McAlister’s Deli this spring has debuted a new prototype that refreshes the 23-year-old fast-casual concept and emphasizes its signature tea program with a stand-apart Tea Bar.
The new look debuted full scale at newly constructed franchised units in Lexington, Ky., and Aurora, Colo., in March. New elements were first vetted in a “heavy remodel” at a company restaurant in Clinton, Miss., that reopened in December, said Frank Paci, McAlister’s president and chief executive.
McAlister’s, which has 307 units in 22 states, has refreshed its colors and has started offering a variety of seating options, including traditional tables, booths and bar-height seating. In addition, McAlister’s offers amenities such as free Wi-Fi and a new Tea Bar.
McAlister’s is known for its sweet tea made with filtered water and cane sugar and is eyeing expansion of that signature offering with new options beyond its traditional black-tea blend.
Ridgeland, Miss.-based McAlister’s had U.S. systemwide sales of $384 million in 2011, up 7.56 percent from 2010, according to Nation’s Restaurant News Top 200 research. Systemwide estimated sales per unit, which is a proprietary NRN Top 200 number, rose 4.91 percent, to $1.26 million. The number of restaurants opened at the end of the fiscal year increased 0.66 percent, or by a net two units, to 305 locations, including 36 company-operated and 269 franchised units.
Paci talked earlier this week with Nation’s Restaurant News about the design changes and other initiatives at the company.
What are the biggest changes brought about by the new design?
If you look at our current design, it’s still got knickknacks on the wall. We’re going with a much cleaner look. We’ve put in this Tea Bar in the front counter. Now you order and go pick up your tea, as opposed to right now ordering at the counter and the cashier has to turn around and hand the tea to you — that slows down the line.
What else are you planning to do with the Tea Bar?
Ultimately we’re looking at doing flavor shots and things like that within the tea. Tea is such a big part of our concept. We really wanted to romance that.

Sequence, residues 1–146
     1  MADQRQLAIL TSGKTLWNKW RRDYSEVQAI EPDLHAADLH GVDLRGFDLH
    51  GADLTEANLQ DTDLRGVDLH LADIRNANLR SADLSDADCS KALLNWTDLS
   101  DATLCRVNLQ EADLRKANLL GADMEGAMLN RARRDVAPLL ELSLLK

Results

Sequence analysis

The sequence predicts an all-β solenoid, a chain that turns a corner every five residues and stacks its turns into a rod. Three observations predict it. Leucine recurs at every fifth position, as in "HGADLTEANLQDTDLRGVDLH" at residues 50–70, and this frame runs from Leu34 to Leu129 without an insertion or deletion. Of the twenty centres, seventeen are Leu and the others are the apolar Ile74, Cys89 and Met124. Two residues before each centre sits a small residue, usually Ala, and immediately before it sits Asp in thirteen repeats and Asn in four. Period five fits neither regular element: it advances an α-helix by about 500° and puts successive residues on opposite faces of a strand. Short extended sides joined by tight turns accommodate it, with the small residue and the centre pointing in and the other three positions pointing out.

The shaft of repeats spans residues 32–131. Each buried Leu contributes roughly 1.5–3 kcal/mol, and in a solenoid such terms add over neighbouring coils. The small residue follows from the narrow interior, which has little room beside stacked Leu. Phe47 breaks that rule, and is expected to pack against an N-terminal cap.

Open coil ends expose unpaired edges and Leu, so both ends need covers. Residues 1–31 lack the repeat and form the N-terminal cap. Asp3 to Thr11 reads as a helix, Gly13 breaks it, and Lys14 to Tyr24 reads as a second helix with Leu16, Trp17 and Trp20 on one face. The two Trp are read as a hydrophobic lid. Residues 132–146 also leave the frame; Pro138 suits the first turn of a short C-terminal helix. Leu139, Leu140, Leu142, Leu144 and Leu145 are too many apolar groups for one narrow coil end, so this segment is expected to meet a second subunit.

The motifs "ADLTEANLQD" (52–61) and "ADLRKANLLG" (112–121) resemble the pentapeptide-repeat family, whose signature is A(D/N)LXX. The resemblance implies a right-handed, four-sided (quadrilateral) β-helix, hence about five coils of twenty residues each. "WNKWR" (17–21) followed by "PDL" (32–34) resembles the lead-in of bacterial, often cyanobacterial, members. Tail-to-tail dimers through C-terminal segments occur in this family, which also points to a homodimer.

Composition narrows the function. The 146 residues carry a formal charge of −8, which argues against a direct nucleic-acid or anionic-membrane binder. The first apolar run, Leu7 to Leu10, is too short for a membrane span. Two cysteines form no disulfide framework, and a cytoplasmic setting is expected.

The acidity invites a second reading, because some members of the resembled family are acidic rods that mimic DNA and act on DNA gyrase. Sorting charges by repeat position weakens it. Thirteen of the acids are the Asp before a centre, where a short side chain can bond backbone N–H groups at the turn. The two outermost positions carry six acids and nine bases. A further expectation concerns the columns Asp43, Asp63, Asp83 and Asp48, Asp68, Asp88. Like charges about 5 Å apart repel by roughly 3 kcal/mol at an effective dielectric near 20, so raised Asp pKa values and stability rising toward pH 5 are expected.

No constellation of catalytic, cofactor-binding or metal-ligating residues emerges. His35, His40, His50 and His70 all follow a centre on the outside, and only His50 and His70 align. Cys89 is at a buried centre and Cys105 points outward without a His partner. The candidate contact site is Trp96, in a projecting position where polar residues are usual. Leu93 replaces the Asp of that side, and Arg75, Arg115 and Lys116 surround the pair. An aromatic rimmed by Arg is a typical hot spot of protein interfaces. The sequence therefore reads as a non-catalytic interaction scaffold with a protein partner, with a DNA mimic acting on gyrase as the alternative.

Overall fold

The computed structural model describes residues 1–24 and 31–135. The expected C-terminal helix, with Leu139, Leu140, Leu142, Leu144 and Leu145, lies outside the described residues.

[The Tea Bar] also gives you a great opportunity to sample product there if we have something new. We’ve got a green tea going into one of the remodeled corporate stores, so we’re sampling the green tea at the Tea Bar there.
What are the operational advantages of the Tea Bar?
Right now, a guest kind of has to wait at the counter after completing an order to get the drinks. We can move that down to a separate area, where we can service you on the drinks. We also are adding self-serve cola. We can also make sure we have the right blend of ice with the tea.
Are you doing any customization?
When you come to the Tea Bar, you can tell us whether you want a half tea/half lemonade. We’ll look at fruit and other ways to customize the tea. It’s something that has potential.
Are you expanding your tea offerings?
In places where we have the Tea Bar, we have our traditional and sweet tea, and we’ve got a citrus green tea and a mango green tea. So we have four flavors. In regular locations, we only have two. We think our product deserves a premium. It’s served in a clear glass. We felt we wanted to romance that a little bit more. We’ve run campaigns where we say, “Leave sweet tea to the professionals.”
How have the design elements of the restaurant changed?
It’s got brighter colors. There are a lot of greens, and it was more muted in the past. It’s more updated. We’ve changed the dark green ceilings to white, which I think really opens up the store. We’ve installed different lighting. The original stores had brass rails and curtains from the mid-1990s.
Any changes in unit size?
Typically it’s 3,000 to 4,000 square feet. Probably the sweet spot is around 3,600 square feet. Seating ranges from 100 to 150. The sweet spot would be 124–125.
How about flexible formats?
We’ve got a couple of different designs. One of the challenges out there with development today is there is less new development, so a lot of times you have to look at going into second-use space. We have the flexibility to do end-cap concepts. We have franchisees who have built freestanding stores with a pick-up window, as well. And in part of that effort to be more convenient to our customers, we’re testing curbside [order delivery] in some locations.
How much curbside order delivery do you have?
We have that in two locations, which are company stores. [We've had] one for about six weeks, and the other one just started up.
If you are not going to have a drive thru, how do you make it convenient? When you bundle that with the mobile society, online ordering and catering to families (where’s it tough for mom if she’s got kids to get out of the car), your option becomes a drive thru or something else. One of the ways you compete is with curbside.
Is that difficult to add to operations?
We already have runners who deliver food to the table. Delivering food to a car really is not a stretch for us.
Alan Liddle contributed to this report.